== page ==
Sunday, October 22, 2017

5 Tips For Taking Better Sports Action Photos

Even before I took up photography, I have always appreciated a really good sports action photo. In a future blog, I'll share what I consider to be my top five, but today I wanted to share five tips that can help you take better sports action photos. I have used them over the last several years, and I have managed to get some nice shots in a few different sports. So here we go . . .

Tip #1.)  Know What You're Shooting

Like anything else, getting a good sports action photo takes preparation and planning. And that starts with knowing the sport that you are going to shoot. I've spent the most time shooting basketball and tennis. I've also spent some time getting shots at a spring training baseball game. By "knowing the sport", I mean understanding how to watch it. I prepare for shooting these sports by looking at photos that professionals take to note the sight lines they are using. Then when I get to the location, I take some time to walk the areas where I think I'll be able to take some good shots, depending on the crowds and the position of the sun. When the game starts, my goal is to shoot from at least three or four different locations so I can get a little variety. One other thing to keep in mind when it comes to knowing what you are shooting: identify key players and note their tendencies. This will help put you in the right position to get a good shot. There is nothing better than having the action come right at you as you are trying to get one that is a keeper. I went back to the photos I took at BNP Paribas Open tennis tournament at Indian Wells last year. The practice schedule showed Eugenie Bouchard practicing in the early afternoon. She was expected to go deep into the tournament, so I figured there would be plenty spectators watching her practice. I got there a little early and found spot where she would be hitting right to me. I didn't have any credentials, so the closest I could get was the first couple of rows in the stands next to the court. It turns out that was good enough. Here is a nice shot I got of Bouchard's forehand.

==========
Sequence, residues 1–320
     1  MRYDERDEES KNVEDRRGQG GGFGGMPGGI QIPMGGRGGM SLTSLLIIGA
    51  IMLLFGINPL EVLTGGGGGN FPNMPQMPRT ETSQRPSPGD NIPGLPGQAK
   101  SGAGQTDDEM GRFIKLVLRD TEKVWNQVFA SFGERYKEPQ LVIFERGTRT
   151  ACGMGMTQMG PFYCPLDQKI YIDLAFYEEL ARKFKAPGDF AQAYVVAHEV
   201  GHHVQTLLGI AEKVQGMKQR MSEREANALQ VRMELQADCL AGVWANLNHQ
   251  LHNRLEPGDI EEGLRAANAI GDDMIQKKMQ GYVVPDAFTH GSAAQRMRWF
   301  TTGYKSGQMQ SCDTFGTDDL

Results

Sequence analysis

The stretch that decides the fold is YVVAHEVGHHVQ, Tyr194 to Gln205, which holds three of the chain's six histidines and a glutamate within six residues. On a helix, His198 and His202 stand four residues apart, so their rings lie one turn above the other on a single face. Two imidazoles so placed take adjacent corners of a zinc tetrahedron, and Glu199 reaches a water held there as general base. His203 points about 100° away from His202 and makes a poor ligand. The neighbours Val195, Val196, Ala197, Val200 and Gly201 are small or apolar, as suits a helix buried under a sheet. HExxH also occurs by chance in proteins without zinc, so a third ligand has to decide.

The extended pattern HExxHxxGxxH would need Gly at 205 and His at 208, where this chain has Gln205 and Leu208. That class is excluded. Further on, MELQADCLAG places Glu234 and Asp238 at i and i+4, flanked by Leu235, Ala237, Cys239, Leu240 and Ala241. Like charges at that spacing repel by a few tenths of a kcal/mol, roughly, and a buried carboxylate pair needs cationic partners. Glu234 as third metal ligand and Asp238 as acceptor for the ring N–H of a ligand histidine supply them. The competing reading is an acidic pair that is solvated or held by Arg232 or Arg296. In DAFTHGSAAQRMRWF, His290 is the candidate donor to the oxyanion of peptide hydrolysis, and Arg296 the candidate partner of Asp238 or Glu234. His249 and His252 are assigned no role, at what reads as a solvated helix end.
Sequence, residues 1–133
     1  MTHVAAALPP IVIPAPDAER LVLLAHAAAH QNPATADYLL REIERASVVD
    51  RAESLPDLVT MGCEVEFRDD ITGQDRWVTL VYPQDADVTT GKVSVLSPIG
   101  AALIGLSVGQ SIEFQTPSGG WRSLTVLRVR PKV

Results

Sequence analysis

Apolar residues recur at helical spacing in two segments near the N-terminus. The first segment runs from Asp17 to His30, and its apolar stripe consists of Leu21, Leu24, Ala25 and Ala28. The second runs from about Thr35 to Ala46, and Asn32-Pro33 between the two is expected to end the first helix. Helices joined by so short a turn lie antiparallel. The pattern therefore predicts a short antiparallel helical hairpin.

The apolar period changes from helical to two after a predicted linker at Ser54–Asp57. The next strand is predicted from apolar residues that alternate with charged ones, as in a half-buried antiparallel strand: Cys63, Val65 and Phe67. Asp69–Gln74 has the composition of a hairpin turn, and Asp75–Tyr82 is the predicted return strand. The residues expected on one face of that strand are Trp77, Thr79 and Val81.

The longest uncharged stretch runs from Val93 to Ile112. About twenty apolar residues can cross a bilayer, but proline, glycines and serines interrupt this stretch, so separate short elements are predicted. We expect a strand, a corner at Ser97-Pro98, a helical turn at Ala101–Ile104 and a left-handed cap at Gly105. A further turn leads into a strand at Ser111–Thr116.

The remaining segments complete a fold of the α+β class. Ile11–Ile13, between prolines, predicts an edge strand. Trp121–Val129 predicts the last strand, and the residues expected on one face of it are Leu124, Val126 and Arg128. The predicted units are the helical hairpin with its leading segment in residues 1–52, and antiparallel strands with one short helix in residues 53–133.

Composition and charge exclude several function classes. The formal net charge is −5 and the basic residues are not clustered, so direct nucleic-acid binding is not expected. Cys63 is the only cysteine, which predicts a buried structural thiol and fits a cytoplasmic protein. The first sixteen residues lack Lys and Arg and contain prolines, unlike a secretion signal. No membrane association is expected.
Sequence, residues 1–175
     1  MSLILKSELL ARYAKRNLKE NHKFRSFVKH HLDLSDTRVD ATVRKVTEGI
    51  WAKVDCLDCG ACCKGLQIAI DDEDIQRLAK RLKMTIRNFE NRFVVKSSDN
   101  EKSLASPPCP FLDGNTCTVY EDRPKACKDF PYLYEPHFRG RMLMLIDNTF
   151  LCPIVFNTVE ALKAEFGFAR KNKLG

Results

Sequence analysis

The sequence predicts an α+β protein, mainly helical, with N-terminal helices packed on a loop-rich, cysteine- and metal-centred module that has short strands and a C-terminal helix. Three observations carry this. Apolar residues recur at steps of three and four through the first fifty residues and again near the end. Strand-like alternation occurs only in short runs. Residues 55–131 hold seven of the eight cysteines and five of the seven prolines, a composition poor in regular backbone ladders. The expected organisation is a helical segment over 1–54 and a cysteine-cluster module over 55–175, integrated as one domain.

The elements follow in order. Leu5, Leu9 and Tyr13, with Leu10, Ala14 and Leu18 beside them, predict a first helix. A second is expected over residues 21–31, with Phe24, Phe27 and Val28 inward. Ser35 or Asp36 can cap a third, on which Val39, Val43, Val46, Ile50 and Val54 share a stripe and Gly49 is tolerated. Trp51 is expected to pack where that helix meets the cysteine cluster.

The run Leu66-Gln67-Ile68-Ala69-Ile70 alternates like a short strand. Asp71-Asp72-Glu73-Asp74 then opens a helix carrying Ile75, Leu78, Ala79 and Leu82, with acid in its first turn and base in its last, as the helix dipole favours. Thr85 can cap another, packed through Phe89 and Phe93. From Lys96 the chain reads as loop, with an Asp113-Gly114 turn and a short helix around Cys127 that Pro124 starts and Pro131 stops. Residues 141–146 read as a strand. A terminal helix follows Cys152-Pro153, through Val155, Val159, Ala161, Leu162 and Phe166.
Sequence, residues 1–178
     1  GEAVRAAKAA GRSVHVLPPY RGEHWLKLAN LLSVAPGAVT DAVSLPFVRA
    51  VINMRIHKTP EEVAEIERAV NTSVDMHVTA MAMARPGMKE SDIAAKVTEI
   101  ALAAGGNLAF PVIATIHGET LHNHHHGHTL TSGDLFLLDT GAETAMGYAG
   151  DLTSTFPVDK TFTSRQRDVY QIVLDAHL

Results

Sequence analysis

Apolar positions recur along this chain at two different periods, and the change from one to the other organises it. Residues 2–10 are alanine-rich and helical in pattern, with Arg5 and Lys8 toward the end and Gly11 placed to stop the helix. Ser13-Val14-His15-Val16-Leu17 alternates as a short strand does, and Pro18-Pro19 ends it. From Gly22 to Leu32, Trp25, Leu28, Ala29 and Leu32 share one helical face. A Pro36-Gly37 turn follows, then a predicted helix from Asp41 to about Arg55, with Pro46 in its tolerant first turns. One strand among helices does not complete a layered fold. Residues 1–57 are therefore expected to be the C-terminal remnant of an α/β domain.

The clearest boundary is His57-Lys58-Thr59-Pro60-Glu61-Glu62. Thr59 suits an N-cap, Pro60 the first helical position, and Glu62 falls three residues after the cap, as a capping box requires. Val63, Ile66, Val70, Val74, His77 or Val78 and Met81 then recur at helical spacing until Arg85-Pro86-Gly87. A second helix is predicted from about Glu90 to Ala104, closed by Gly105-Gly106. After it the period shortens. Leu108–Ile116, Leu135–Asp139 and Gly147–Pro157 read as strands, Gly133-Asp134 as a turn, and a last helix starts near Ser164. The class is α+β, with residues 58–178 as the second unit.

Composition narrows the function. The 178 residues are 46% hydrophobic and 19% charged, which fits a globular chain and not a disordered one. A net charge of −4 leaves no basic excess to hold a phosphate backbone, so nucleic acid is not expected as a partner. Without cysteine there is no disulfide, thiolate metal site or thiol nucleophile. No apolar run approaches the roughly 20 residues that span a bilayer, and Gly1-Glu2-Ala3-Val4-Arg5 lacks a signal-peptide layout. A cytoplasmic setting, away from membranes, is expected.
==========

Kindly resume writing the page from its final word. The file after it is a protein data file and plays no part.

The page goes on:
Tip #2.) Get Tight Shots, Then Crop

Once you are able to identify a good spot, your next goal is to get shots that are as tight possible. It is a great way to bring the person viewing the photo into the action while eliminating whatever is not relevant to the shot. Cropping the shot later will allow you to do that even more. The photo here is the same one of Eugenie Bouchard taken above, but I cropped it tighter to eliminate the guy standing behind her. See the difference? Now it seems like she is playing against me. One other thing to keep in mind. Don't get into a rut holding the camera the conventional way all the time. It might feel more natural, but in certain sports, going vertical can provide a much better perspective.

Tip #3.) Get The Faces